Oman: The Middle East’s most chillaxed country

4 Mins read

It’s December; a time I usually find myself hibernating under multiple layers, harbouring snacks under my duvet and attempting to control my shivering fingers enough to roll up a cigarette.

Yet, this year I find myself stepping outside and instantly being hugged by a warm layer of comforting heat.

Oman is located in the heart of the Middle East, neighbouring Dubai, Saudi Arabia and Yemen.

I am well aware that peaceful is by no means the first thing that usually pops to mind when people think of the Middle East, but Oman is undoubtedly one of the most relaxed and peaceful countries I have ever had the pleasure of visiting.

It comes as no surprise to me, or anyone else who has ever stepped foot in Oman that it has just been voted the seventh most welcoming country towards foreigners in the world by Expat Insider.


Mountains in Muscat

Foreigners in Oman make up 39% of the population, perhaps being the reason Oman seems so Westernised.

By Westernised I mean you can still have a cheeky bevvy and you can still wear your bikini on the beach with no problem – there are even some cool clubs and bars out there.

However if you are looking for just a boozy holiday I suggest you go elsewhere, or stick to Europe, as Oman has so much more to offer.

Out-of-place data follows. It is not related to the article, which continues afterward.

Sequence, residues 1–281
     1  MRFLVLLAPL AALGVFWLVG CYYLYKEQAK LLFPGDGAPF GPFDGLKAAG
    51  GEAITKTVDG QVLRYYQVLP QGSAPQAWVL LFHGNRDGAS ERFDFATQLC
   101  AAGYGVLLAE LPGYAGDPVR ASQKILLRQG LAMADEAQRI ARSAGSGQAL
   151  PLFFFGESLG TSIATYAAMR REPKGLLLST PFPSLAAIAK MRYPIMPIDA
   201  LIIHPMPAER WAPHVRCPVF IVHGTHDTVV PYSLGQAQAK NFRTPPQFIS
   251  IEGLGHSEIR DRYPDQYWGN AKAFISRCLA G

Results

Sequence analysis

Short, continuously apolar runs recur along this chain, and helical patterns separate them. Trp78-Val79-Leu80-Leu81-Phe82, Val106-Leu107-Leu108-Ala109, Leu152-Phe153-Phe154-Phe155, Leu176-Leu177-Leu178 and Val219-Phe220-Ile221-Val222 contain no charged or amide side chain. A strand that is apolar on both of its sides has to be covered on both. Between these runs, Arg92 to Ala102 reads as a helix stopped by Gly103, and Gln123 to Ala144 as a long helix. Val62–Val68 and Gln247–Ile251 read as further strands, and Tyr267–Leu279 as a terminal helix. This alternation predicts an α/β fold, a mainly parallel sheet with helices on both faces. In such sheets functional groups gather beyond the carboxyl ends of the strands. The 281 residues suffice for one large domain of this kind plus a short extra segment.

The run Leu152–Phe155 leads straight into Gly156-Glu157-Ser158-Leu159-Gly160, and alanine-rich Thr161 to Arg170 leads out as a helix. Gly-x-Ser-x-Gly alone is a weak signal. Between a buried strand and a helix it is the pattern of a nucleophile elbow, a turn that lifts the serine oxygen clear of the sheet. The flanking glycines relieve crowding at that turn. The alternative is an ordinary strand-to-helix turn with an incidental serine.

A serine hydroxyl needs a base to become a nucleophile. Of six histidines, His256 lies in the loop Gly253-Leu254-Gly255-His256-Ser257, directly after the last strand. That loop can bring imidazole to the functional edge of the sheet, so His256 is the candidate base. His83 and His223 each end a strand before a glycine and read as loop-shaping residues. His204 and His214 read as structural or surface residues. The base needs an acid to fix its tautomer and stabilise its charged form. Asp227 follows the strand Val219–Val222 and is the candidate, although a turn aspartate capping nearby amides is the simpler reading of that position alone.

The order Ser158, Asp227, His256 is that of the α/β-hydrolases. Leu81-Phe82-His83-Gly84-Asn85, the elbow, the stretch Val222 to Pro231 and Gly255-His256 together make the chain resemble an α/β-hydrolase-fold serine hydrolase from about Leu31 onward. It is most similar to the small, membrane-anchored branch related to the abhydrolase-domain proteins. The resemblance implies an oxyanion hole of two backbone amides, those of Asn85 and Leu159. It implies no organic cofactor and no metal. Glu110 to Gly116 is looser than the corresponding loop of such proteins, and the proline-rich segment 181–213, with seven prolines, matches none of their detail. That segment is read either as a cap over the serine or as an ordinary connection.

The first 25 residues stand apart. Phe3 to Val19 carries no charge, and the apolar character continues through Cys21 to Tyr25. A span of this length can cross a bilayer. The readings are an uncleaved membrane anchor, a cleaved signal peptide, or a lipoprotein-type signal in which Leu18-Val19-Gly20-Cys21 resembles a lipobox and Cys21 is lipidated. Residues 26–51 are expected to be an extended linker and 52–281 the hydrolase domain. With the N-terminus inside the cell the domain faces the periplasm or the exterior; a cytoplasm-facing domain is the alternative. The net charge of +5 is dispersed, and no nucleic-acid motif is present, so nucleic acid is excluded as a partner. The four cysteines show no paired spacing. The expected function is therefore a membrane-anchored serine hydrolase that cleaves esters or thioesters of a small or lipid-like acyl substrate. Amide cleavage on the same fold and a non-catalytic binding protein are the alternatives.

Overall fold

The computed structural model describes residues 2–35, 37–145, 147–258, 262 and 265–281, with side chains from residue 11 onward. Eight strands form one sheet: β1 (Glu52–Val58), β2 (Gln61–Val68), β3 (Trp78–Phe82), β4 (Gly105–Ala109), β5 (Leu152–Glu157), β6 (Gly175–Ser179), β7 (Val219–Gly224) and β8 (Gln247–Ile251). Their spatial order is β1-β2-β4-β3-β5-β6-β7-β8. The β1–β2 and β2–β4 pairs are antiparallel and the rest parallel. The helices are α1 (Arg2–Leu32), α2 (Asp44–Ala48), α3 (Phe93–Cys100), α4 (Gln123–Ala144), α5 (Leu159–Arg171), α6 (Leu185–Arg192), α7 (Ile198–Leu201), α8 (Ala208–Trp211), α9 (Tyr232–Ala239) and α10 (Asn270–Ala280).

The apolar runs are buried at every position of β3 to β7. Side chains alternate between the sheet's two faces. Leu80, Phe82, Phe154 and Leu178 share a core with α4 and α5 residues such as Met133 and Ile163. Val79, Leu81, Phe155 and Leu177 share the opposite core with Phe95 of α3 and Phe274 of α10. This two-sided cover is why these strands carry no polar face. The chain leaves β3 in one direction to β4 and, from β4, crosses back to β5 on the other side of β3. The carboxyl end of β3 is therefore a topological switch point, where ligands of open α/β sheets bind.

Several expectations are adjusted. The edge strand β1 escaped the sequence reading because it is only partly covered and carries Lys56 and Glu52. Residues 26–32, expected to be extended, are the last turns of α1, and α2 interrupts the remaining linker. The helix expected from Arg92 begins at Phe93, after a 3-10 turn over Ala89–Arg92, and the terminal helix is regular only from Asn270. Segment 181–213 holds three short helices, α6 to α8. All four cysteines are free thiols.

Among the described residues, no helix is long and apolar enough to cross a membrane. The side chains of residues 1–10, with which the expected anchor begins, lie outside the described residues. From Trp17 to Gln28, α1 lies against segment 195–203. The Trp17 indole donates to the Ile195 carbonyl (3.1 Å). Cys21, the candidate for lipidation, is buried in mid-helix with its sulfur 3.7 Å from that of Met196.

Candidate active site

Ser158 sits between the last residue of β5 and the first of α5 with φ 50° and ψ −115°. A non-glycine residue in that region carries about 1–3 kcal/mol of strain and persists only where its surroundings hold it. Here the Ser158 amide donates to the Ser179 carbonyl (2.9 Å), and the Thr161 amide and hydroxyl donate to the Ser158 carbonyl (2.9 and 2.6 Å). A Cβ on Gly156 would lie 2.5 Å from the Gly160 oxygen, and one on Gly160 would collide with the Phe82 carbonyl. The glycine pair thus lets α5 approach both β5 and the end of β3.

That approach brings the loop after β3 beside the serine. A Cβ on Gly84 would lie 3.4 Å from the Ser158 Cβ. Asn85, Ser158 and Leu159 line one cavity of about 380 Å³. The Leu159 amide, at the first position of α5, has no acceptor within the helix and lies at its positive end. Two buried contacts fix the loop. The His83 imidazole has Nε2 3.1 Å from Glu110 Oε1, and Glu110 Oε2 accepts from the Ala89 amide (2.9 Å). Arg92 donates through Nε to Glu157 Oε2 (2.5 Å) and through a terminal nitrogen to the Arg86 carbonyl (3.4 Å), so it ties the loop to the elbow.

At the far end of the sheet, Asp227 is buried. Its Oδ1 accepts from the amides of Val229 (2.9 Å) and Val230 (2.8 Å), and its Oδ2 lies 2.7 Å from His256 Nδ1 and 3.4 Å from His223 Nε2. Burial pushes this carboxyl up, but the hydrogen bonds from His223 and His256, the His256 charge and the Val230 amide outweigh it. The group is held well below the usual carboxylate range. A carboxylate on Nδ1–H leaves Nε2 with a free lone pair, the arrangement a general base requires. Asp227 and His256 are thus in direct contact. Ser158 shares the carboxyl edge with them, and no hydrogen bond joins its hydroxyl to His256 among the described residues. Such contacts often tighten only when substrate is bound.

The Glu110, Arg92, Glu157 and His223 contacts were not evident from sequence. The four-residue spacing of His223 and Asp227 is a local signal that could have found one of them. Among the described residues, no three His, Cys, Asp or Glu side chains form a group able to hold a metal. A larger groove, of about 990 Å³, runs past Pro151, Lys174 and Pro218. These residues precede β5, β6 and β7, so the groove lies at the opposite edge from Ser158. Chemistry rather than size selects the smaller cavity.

Nearly all Omanis speak English so you’ll have no trouble getting around without a guide. As long as you respect the country, you will be welcomed with open arms by the people of Oman, and you’ll be able to enjoy the miles of empty, litter-free beaches, incredible food and everything else the country has to offer.


My warm-hearted taxi driver

I met a taxi driver with my sister on my first day who perfectly exemplifies the warmth and generosity you will experience here.

The driver asked where we were from and if we were enjoying the country, he then asked us if we’d like to do a bit of sightseeing free of charge on our way to the beach.

We gratefully agreed but first he insisted on stopping by a little shop where he kindly bought us Omani tea to try.

Omani tea, also known as ‘karak’, is pretty similar to English tea in taste and colour but with an extra twang.

It’s a sweet, milk drink but with ginger, clove and cinnamon.

After enjoying our tea we were taken all round Muscat (the capital of Oman), through Muttrah, driving past the Sultan’s impressive, lit-up yacht, before arriving at Oman Dive Centre (a beach famous for its breathtaking view).

As we pulled up to the beach the cabbie pulled off his traditional head gear, wrapped it around my head and taught us about Omani clothing.


Oman Dive Centre

If you are looking to go on holiday and explore a new and exotic country, Oman is the place to go.

One word of warning though – don’t go in the summer unless you want to experience 50 degree Arabian heat. You’ll either find yourself freezing inside with the ferocious air conditioning, a necessity in most buildings, or scorching in the unbearable sun.